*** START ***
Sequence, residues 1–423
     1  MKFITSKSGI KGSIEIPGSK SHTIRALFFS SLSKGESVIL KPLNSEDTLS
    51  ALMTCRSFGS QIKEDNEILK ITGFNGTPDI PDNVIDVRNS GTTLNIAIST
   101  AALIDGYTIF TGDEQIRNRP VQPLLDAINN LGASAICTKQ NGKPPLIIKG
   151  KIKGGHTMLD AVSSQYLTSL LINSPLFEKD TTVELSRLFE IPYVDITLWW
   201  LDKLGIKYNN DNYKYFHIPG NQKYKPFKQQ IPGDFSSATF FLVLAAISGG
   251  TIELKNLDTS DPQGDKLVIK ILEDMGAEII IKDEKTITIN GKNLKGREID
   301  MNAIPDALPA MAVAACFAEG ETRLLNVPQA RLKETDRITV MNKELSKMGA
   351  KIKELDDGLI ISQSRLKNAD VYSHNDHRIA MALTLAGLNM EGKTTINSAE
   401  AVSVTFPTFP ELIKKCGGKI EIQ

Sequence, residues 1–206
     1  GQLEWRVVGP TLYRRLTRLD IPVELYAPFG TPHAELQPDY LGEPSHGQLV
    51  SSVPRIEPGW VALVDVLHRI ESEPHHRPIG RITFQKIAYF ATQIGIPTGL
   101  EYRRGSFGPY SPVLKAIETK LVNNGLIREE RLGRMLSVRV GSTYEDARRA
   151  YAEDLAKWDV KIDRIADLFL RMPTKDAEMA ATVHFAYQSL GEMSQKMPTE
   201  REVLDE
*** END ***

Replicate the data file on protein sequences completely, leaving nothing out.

Sequence, residues 1–423
     1  MKFITSKSGI KGSIEIPGSK SHTIRALFFS SLSKGESVIL KPLNSEDTLS
    51  ALMTCRSFGS QIKEDNEILK ITGFNGTPDI PDNVIDVRNS GTTLNIAIST
   101  AALIDGYTIF TGDEQIRNRP VQPLLDAINN LGASAICTKQ NGKPPLIIKG
   151  KIKGGHTMLD AVSSQYLTSL LINSPLFEKD TTVELSRLFE IPYVDITLWW
   201  LDKLGIKYNN DNYKYFHIPG NQKYKPFKQQ IPGDFSSATF FLVLAAISGG
   251  TIELKNLDTS DPQGDKLVIK ILEDMGAEII IKDEKTITIN GKNLKGREID
   301  MNAIPDALPA MAVAACFAEG ETRLLNVPQA RLKETDRITV MNKELSKMGA
   351  KIKELDDGLI ISQSRLKNAD VYSHNDHRIA MALTLAGLNM EGKTTINSAE
   401  AVSVTFPTFP ELIKKCGGKI EIQ

Sequence, residues 1–206
     1  GQLEWRVVGP TLYRRLTRLD IPVELYAPFG TPHAELQPDY LGEPSHGQLV
    51  SSVPRIEPGW VALVDVLHRI ESEPHHRPIG RITFQKIAYF ATQIGIPTGL
   101  EYRRGSFGPY SPVLKAIETK LVNNGLIREE RLGRMLSVRV GSTYEDARRA
   151  YAEDLAKWDV KIDRIADLFL RMPTKDAEMA ATVHFAYQSL GEMSQKMPTE
   201  REVLDE